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Given two inputs each with their respective committed amounts; P1, P2.

Then given two outputs each with their own respective committed amounts; P3, P4.

We want to prove that the inputs - outputs - fee * G = 0

P1 = a1 * G + r1 * H P2 = a2 * G + r2 * H

P3 = a3 * G + r3 * H P4 = a4 * G + r4 * H

C = zG = (P1 + P2) - (P3 + P4)

if amounts are balanced, which means that (a1 + a2) - (a3 + a4) = 0

We then have zH = (r1 + r2 - r3 - r4)H

The sender should know z because it is the blinding factors, r1, r2, r3, r4.

r1, r2 are given to the sender from his previous transactions. r3, r4 are created by the sender to blind the new output amounts.

--- While writing this I have come up with a possible answer. Please check.

If the amounts do not balance out, for example, let's say the sender decides to not include P4.

Then we would have C2 = P1 + P2 - P3 = (a1 + a2 - a3)G - (r1 + r2 - r3)H

Since we do not know the relationship between G and H, the prover cannot sign unless he solves the DLP.

This brings up another question brought up by a friend:

What if the sender decides to cancel out the blinding factors part of the commitment instead by cleverly choosing the blinding factor?

Clarification on cancelling the blinding factors:

Let C = (a1 + a2 - b1 - b2)G + (r1 + r2 - r3 - r4)H

Assuming the amounts do not cancel out, so a1 + a2 - b1 - b2 does not equal zero.

What is stopping the sender from choosing r3 and r4 in such a way that r1 + r2 - r3 - r4 = 0 , then singing with the key as (a1 + a2 - b1 - b2) ?


Example of cancelling out:

  • For clarity we will say that C = xG = aH, where a is amount and x is blinder.

  • Bob wants to send 10 Monero to Alice.

  • Bob has two inputs one with 8XMR and the other with 2XMR.
  • Bob also has their commitments C1 = 10G + 8H and C2 = 12G + 2H.

He creates the output to be Alice, but being dishonest he sends her 8XMR and creates the commitment to the output like so: C3 = 22G + 8H

Calculating Sum(in) - Sum(out) we get:

C1 + C2 - C3 = 0G + 2H

Bob then signs with his key as "2"

My question is why is this impossible?

3

Firstly, your G and H are the wrong way round. Each Pedersen commitment is actually xG + aH where x is the blinding factor and a is the amount. So where you are writing P1 = a1 * G + r1 * H, I would write: C1 = x1G + a1H.

If the amounts do not balance out, for example, let's say the sender decides to not include P4.

A transaction is invalid if it has more outputs than there are commitments for. It will get rejected.

What if the sender decides to cancel out the blinding factors part of the commitment instead by cleverly choosing the blinding factor?

This makes no sense without defining how they "cancel out the blinding factors". You are suggesting a way the underlying math could be broken without defining how / a way.

Update now you have tried to explain

You cannot arbitrarily change the blinding factors. Quoting from Zero to Monero, 5.6.2:

Indeed, z follows from the blinding factors if and only if input amounts equal output amounts (recalling Section 4.1, we don’t know γ in H = γG).

Given you cannot change the input commitments, the only thing you can do to create a valid commitment to zero, is by having your output commitment balance against the input commitments. In simple terms, if the input commitment is 5, only an output of 5 gives a commitment to 0.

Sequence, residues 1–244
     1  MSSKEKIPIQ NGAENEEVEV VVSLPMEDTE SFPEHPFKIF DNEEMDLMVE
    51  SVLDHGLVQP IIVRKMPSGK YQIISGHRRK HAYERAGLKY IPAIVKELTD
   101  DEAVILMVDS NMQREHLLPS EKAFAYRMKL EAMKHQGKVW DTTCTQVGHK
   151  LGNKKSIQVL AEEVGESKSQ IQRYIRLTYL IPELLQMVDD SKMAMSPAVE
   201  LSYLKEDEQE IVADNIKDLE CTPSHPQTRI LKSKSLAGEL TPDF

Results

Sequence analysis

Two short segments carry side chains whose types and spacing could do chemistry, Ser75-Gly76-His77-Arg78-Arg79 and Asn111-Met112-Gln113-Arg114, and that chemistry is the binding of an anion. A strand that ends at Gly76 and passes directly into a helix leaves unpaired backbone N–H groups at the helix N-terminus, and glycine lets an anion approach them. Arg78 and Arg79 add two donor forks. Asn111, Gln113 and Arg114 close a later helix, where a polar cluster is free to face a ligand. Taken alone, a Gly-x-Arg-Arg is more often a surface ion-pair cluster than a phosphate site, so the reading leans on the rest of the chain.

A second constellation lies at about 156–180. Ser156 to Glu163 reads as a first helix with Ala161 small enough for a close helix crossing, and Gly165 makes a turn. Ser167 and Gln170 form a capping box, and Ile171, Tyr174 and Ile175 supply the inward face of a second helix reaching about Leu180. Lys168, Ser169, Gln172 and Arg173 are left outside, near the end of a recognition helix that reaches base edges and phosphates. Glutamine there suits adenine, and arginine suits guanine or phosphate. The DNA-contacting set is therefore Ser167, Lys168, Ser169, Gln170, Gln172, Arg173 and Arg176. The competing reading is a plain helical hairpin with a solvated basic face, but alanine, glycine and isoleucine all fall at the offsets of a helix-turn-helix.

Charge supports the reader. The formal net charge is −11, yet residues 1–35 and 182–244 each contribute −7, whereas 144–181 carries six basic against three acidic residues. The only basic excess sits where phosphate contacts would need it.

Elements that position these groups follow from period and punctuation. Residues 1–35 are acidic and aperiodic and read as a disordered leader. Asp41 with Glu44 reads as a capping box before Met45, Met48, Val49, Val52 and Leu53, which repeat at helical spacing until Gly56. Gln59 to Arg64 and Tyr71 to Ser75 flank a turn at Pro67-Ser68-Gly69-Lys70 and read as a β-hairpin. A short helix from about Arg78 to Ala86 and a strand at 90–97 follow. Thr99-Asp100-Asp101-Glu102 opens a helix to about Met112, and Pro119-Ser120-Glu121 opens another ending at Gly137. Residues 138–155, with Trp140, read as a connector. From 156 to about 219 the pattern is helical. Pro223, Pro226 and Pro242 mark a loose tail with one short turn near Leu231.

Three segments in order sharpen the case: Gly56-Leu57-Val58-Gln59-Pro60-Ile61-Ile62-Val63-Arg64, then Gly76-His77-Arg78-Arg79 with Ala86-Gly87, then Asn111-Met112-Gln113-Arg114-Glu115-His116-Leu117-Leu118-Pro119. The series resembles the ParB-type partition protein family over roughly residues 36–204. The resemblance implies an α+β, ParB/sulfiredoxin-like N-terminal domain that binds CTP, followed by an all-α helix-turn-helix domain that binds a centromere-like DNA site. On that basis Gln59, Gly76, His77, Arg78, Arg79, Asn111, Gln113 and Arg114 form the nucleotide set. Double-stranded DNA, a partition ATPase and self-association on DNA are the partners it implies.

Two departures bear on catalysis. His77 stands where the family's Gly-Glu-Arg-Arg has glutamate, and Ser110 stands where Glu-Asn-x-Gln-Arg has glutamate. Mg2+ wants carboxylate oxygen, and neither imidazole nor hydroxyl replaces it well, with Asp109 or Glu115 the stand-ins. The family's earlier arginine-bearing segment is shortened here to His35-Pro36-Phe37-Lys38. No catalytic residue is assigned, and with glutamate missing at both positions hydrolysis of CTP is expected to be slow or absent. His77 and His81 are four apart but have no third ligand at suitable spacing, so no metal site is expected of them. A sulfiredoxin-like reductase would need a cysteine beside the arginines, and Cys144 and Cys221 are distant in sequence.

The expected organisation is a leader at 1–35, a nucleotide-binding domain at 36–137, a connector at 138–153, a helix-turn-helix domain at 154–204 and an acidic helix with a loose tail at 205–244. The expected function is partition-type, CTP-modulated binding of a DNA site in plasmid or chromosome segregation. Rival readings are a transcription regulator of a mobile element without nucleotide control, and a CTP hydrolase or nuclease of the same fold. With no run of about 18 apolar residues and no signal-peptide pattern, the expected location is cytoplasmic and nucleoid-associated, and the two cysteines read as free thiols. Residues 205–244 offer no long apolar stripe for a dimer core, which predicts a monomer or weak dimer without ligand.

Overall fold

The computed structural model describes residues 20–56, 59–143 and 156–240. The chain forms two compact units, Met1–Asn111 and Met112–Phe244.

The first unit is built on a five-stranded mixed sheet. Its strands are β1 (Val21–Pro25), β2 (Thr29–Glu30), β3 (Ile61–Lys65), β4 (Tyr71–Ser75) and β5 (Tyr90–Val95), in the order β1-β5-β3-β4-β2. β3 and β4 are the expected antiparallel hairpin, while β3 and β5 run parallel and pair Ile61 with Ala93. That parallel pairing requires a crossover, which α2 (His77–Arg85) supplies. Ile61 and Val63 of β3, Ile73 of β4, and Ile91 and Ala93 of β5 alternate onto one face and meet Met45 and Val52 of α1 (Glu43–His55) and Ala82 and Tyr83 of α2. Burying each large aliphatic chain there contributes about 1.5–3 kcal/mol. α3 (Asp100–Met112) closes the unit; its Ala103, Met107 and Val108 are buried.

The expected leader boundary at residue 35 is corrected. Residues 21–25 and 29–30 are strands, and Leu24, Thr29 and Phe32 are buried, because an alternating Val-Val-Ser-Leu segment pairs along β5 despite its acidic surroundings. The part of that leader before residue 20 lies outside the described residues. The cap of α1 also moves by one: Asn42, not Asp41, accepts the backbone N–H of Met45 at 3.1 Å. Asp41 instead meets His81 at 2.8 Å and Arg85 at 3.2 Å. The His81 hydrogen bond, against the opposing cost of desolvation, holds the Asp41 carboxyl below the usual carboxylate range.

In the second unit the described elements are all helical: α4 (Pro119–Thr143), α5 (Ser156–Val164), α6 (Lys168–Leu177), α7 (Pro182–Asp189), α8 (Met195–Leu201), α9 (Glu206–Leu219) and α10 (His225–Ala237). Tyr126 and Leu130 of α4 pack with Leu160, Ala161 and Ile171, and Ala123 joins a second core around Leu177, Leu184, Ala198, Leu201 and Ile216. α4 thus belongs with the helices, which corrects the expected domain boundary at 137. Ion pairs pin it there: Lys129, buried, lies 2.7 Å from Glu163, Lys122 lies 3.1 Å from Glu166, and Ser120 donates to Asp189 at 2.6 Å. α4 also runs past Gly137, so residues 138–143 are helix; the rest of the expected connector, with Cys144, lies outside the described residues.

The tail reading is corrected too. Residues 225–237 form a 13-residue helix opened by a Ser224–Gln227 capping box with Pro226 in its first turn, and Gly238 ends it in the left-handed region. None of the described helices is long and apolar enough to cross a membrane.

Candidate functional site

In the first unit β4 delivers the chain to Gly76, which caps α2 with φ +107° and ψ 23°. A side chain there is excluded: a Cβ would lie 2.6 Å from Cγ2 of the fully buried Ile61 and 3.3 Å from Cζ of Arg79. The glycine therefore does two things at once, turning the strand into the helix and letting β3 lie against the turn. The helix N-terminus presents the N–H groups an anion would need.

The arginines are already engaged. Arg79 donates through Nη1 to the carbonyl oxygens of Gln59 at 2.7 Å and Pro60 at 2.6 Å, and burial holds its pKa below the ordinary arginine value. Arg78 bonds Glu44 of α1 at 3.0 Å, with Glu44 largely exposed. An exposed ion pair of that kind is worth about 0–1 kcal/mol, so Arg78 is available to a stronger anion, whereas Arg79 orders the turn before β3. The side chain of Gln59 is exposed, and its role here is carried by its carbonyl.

Update based on question edited again

Your new edit just shows Bob burn 2 XMR. He spends input amounts 8 and 2, but only has one output, 8. Thus 2 burnt.

Further,

C1 + C2 - C3 = 0G + 2H

Bob then signs with his key as "2"

No, Bob would be signing with 0. Recall the number next to H is an amount, not a blinding factor.

With respect to the title question:

How does commitment to zero work?

The commitment to zero is a point, zG. This is the sum of all the input commitments blinding factors x, minus the sum of all the output commitments blinding factors y, multiplied by G.

See section: 5.6.2 Commitments to zero.

All of the details are covered extremely well in the Zero to Monero paper. Refer to sections 4.1, 4.2, 5.6.1 and 5.6.2.

  • Added more information on cancelling out part in question. TBC, they are the wrong way around because of the standard monero uses. Both are still valid commitments AFAIK, just different notation – WeCanBeFriends Apr 20 at 22:14
  • No they are the wrong way round and that breaks your assumptions, Monero uses them the other way round. They would not both be valid commitments, not just a different notation. – jtgrassie Apr 20 at 22:32
  • Hmm pretty sure they are valid commitments even if you switch around the points. The Discrete log is not known respectively for either point, so afaik the assumption is not broken. Regarding the extra clarification, is this possible in monero? I could not find an answer from your link – WeCanBeFriends Apr 20 at 22:45
  • No they are not valid because everyone else would be using G and H the other way round which would break the math. – jtgrassie Apr 20 at 22:47
  • With regards to your update on "cancelling out", a user cannot arbitrarily just change the blinding factors, recall you are using past commitments and your new one in the calculation of z. Quoting the paper I keep urging you to read: Indeed, z follows from the blinding factors if and only if input amounts equal output amounts (recalling Section 4.1, we don’t know γ in H = γG). – jtgrassie Apr 20 at 22:48

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